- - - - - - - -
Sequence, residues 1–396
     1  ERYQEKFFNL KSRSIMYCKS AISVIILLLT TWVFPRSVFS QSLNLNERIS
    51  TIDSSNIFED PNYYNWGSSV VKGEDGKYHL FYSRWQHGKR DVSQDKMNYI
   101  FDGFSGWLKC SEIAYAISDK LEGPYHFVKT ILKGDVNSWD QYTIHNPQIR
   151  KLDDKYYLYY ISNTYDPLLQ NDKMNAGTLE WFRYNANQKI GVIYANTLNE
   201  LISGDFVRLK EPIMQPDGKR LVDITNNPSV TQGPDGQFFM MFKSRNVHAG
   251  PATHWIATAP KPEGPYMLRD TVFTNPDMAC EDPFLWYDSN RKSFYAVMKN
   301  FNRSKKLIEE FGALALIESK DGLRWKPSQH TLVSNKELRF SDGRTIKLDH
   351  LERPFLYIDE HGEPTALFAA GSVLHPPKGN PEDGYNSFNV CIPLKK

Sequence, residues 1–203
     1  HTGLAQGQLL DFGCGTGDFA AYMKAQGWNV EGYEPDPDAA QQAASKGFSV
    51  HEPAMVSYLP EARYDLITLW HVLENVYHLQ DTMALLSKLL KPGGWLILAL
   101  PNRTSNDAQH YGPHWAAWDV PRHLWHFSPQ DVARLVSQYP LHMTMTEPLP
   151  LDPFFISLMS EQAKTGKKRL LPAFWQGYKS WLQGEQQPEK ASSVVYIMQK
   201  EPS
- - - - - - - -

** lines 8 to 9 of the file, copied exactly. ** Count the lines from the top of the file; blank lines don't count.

   301  FNRSKKLIEE FGALALIESK DGLRWKPSQH TLVSNKELRF SDGRTIKLDH
   351  LERPFLYIDE HGEPTALFAA GSVLHPPKGN PEDGYNSFNV CIPLKK